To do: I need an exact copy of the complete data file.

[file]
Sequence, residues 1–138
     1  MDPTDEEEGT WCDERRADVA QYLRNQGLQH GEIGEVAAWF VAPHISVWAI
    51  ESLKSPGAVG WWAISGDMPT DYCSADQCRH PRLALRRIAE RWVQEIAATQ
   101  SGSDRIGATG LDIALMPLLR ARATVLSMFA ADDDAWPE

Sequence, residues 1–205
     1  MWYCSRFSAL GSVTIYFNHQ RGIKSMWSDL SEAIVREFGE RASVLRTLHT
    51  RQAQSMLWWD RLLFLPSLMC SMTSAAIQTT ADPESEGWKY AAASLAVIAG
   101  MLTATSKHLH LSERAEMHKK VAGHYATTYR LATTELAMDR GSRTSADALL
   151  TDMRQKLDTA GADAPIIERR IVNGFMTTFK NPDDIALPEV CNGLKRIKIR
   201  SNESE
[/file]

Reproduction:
Sequence, residues 1–138
     1  MDPTDEEEGT WCDERRADVA QYLRNQGLQH GEIGEVAAWF VAPHISVWAI
    51  ESLKSPGAVG WWAISGDMPT DYCSADQCRH PRLALRRIAE RWVQEIAATQ
   101  SGSDRIGATG LDIALMPLLR ARATVLSMFA ADDDAWPE

Sequence, residues 1–205
     1  MWYCSRFSAL GSVTIYFNHQ RGIKSMWSDL SEAIVREFGE RASVLRTLHT
    51  RQAQSMLWWD RLLFLPSLMC SMTSAAIQTT ADPESEGWKY AAASLAVIAG
   101  MLTATSKHLH LSERAEMHKK VAGHYATTYR LATTELAMDR GSRTSADALL
   151  TDMRQKLDTA GADAPIIERR IVNGFMTTFK NPDDIALPEV CNGLKRIKIR
   201  SNESE